Commuters and visitors in london this morning experienced a sudden suspension from reality, as a section of covent garden’s 184-year old market building had seemingly broken free from its foundations and remained hovering in mid-air. british artist alex chinneck‘s monumental installation ‘take my lightning but don’t steal my thunder’ manipulates the architecture of the historic site, transforming an ordinary view of the renowned london piazza into a mind-bending public art piece. the illusion results in the perception that the 40-foot-long building has cracked from its stone base and floated over 10 feet into the air with apparent weightlessness.
The illusion renders the idea that a 40-foot-long building has cracked from its stone base and floated into the air.
In an interview with Chinneck on the project’s cultural and historical references and themes of architectural manipulation throughout the breadth of his work, the artist mentioned ,‘art has the capacity and license to re-imagine, re-present and reinvigorate the world around us and so architecture is a brilliant canvas for creative exploration and distortion because it surrounds and contains us. I like how creative practice can make the everyday world feel momentarily extraordinary and by theatrically manipulating familiar architectural scenarios this is what I try and hope to do.’ read the full interview to learn more about the construction, development and conception of the installation on designboom.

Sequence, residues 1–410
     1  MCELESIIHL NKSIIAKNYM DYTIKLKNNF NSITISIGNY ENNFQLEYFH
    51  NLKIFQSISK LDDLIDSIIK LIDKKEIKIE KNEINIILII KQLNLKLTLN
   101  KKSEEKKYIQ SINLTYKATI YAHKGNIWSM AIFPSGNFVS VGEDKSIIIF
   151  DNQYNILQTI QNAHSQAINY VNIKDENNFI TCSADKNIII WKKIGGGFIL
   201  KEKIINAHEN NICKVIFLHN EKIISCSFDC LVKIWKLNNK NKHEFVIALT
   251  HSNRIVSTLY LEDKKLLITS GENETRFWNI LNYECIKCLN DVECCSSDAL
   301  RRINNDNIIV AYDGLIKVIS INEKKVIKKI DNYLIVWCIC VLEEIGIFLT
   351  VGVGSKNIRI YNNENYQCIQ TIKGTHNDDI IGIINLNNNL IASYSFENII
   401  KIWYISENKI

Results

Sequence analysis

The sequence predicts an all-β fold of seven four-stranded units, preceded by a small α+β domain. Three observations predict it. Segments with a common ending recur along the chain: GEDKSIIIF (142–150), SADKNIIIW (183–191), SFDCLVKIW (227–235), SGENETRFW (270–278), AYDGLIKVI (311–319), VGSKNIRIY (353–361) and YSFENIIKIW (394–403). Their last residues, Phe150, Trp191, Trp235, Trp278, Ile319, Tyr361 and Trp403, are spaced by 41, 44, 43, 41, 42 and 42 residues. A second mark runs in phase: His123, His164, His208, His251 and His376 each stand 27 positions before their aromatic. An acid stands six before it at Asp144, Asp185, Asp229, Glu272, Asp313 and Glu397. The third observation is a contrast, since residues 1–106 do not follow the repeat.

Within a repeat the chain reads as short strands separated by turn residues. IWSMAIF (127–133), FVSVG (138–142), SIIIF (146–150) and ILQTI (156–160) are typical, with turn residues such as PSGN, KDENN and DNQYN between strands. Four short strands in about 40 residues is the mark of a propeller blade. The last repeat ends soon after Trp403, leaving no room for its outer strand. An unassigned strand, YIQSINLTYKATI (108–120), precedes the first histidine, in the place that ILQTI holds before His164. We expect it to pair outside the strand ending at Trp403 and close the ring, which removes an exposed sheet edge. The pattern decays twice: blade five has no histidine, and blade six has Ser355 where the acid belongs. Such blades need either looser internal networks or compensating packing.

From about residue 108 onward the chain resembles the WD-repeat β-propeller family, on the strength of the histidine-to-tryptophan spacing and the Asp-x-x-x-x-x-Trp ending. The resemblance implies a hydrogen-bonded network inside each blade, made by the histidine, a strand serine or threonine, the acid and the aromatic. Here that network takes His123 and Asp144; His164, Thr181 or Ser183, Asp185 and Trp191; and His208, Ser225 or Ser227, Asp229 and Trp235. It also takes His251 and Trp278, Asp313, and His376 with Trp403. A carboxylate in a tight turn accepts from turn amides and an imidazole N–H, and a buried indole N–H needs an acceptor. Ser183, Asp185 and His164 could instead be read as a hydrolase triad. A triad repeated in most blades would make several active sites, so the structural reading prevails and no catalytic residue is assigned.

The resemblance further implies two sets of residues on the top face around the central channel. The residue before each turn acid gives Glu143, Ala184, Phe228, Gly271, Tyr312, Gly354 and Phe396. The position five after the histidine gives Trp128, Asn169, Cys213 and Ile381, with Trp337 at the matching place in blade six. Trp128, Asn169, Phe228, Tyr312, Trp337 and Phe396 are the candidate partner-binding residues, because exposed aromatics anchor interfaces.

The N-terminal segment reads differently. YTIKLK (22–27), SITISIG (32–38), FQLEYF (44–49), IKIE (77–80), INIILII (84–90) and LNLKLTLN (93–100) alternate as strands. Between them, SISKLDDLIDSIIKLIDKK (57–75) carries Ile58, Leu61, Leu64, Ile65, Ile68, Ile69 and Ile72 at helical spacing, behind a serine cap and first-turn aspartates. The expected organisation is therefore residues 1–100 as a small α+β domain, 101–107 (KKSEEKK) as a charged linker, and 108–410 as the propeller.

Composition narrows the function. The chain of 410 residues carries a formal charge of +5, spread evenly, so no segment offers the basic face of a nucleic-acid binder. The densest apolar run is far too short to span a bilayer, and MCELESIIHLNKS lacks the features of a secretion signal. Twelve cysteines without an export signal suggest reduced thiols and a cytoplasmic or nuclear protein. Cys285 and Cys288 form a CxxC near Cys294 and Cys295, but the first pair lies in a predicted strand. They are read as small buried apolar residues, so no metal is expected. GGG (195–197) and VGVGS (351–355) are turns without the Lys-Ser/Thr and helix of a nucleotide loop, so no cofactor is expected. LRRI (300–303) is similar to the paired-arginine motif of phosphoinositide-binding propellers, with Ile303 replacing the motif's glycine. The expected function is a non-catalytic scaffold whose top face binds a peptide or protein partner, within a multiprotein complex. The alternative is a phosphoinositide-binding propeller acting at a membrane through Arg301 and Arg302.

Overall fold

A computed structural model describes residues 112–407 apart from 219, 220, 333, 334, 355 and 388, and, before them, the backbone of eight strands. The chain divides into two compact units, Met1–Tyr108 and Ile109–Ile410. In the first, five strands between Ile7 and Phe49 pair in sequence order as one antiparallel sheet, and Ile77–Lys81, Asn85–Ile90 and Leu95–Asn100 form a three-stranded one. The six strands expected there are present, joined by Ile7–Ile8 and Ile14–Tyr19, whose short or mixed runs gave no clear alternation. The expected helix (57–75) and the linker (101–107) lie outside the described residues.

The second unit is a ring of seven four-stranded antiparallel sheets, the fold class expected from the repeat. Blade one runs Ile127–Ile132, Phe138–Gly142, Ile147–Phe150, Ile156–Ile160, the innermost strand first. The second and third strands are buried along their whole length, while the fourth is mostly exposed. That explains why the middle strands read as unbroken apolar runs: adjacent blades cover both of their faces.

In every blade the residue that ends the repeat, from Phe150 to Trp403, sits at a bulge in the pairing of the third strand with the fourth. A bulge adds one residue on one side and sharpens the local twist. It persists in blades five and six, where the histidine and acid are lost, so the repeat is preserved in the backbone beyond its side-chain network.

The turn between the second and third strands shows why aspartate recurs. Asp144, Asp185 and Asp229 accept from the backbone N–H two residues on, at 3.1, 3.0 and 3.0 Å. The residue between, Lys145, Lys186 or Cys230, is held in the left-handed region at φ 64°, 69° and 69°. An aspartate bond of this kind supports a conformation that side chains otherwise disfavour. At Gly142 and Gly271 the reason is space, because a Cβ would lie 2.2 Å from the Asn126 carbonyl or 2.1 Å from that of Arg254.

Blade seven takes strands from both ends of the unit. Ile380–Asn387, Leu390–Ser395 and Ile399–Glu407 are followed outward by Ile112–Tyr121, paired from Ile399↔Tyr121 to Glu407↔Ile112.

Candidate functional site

Take my lightning but don’t steal my thunder’ is on display on covent garden’s east piazza from now until october 24th, 2014.
A passerby gazes up at the architectural manipulation in disbelief.
‘Architecture is a brilliant canvas for creative exploration and distortion because it surrounds and contains us’ – Alex Chinneck.
The public is free to walk beneath the 12 meter wide by 10 meter high levitating structure.
The large-scale work transforms an otherwise ordinary view of the london piazza into a mind-bending public art piece.
Visitors investigate the surreal sight.
All images courtesy of Alex Chinneck.